Years ago, my insurance company offered a small prescription drug benefit on the plan we had as a family — $250 per year with lots of provisos about brand names and such and no co-pays. Over time, the plans changed and even the modest benefit disappeared. However, the insurer partnered with a mail-order pharmacy that, originally, offered significant discounts by using them for 90-day supplies of recurring drugs, and had negotiated deals with retail pharmacies to reduce cost for ones you had to get on the spot.
I knew the discounts weren't great, but some drugs I needed were brand name (Lipitor) and others were very cheap. I didn't price check that often, but I thought I was paying reasonable prices. Lipitor went off-patent, and the generic was much cheaper. I turned to Canada for one drug before it also went off-patent. But then I hit the wall when I had a stent put in recently.
After the diagnosis and intervention for my artery issue, I needed to add four new medications and continue one I'd started a few months ago for what seemed to be gastric issues. Aspirin is cheap. The rest vary. When I was discharged from the hospital, I went to the pharmacy, and they assembled all the meds I needed. One of the pharmacists went over all the drugs with me and said, "We gave you the discharge pricing; your insurance plan has terrible coverage." (I had technically been discharged by a different branch of the same hospital group, but the nearby one I was in didn't have Sunday pharmacy hours.) "You should really check out Costco for refills. It will be much less for many of these."
While still in my hospital room, I had priced one of the drugs, Plavix (an antiplatelet medication that keeps the stent clean): $2,500 a year for the brand name and $1,000 a year for the generic equivalent. I had a little sticker shock. Lynn said, "Don't look up the price of drugs while you are in the hospital recovering from a heart intervention." She was right.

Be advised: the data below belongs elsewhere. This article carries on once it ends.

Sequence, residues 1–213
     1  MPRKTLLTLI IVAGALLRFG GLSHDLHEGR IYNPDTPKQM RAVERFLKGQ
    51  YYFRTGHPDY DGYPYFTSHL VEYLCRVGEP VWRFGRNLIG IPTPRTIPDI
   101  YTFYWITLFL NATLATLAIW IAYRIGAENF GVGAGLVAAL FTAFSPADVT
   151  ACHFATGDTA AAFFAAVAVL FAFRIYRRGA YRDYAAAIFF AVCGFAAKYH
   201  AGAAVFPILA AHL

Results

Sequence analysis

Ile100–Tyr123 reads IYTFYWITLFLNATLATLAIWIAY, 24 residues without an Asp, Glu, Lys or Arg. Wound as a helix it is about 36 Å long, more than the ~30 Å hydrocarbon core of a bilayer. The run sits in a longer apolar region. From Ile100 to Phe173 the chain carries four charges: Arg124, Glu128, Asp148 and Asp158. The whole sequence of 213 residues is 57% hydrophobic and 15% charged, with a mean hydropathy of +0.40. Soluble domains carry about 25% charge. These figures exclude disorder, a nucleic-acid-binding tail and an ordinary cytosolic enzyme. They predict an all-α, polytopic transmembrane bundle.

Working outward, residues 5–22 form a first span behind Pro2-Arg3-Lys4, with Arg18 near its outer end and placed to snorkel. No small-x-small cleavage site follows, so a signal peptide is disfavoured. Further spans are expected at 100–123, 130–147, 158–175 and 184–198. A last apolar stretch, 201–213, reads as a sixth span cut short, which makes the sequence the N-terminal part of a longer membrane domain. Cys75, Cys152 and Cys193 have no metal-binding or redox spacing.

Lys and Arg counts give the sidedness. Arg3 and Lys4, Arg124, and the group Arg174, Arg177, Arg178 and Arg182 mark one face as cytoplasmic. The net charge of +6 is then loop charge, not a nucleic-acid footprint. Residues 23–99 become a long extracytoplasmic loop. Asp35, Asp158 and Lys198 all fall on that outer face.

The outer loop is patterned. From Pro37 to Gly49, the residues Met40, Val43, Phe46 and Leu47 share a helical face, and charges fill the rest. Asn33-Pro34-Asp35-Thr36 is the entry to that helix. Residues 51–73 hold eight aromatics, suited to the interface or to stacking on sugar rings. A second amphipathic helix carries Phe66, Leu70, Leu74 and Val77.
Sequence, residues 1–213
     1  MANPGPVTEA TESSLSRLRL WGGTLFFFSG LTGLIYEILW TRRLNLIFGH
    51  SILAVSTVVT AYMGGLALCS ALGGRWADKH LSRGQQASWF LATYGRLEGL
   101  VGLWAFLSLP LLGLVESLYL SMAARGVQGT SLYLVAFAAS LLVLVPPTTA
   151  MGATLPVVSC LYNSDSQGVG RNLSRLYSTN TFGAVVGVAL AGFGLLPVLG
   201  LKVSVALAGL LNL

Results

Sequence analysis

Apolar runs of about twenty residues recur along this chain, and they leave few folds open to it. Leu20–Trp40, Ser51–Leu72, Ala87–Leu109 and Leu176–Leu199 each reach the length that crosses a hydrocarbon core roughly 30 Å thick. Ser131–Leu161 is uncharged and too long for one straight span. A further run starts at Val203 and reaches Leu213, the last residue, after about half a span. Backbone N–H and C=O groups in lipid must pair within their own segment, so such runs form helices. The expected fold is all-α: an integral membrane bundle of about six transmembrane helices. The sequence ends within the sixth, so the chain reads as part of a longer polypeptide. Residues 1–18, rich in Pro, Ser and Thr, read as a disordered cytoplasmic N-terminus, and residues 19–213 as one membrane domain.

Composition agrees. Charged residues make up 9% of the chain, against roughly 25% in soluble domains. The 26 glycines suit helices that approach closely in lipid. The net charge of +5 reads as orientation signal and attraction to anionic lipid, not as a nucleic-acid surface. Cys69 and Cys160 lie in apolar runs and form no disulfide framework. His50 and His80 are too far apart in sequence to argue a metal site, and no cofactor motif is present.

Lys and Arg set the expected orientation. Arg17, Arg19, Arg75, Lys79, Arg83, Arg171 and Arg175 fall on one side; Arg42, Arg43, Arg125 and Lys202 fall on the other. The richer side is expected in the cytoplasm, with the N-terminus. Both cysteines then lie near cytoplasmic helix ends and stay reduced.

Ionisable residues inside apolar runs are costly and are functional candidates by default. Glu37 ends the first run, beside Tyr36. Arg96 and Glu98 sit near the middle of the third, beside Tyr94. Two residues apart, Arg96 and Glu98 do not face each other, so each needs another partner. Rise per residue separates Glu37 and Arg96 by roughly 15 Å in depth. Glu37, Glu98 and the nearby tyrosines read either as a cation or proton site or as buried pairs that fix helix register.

A few days later, I did more research. My insurance company's partner, Express Scripts, offered a price that was always more (except, oddly, for one generic drug) than Costco's prices. Costco is a vast buyer, of course. And Express Scripts is enormous, too, and only handles prescriptions. It's absurd to think that a generally available generic drug should cost 10 times as much from Express Scripts than from Costco. [Update: I originally said one has to be a Costco member for these prices. That's apparently untrue. Not clear on the site.]
The total is $3928 per year for my new drugs and existing ones from Express Scripts and $953 for the identical generic drugs from Costco. (I have a query in to Costco about its Synthroid pricing, too.) I'll be sending a letter to the state insurance commissioner asking about this. The markup is absurd, assuming that Costco isn't losing thousands on my orders.
Is it legitimate for an insurer to refer its subscribers to a pharmacy that has such high prices relative to a legitimate, in-country retailer? It smells, but may be perfectly legal. I would like my insurer to require that its partners provide an up-to-date list of drug pricing databases and offer comparisons among major retailers.
|Drug||Express Scripts||Qty||Per day||Costco Pharmacy||Qty||Per day|
|Pantoprazole (Protonix) 40mg||$298.48||90||$3.32||$21.74||90||$0.24|
|Carvedilol (aka Coreg) 3.125mg (2x/day)||$156.24||180||$1.74||$9.99||180||$0.11|
|Clopidogrel (aka Plavix) 75mg||$197.89||90||$2.20||$28.71||100||$0.29|
|Levothyroxine (aka Synthroid) 75mcg||$22.18||90||$0.25||$86.43||100||$0.86|
|Atorvastatin (aka Lipitor) 40mg (cut in half)||$85.53||90||$0.95||$26.49||90||$0.29|
|Montelukast (aka Singulair) 10mg||$77.72||90||$0.86||$51.93||90||$0.58|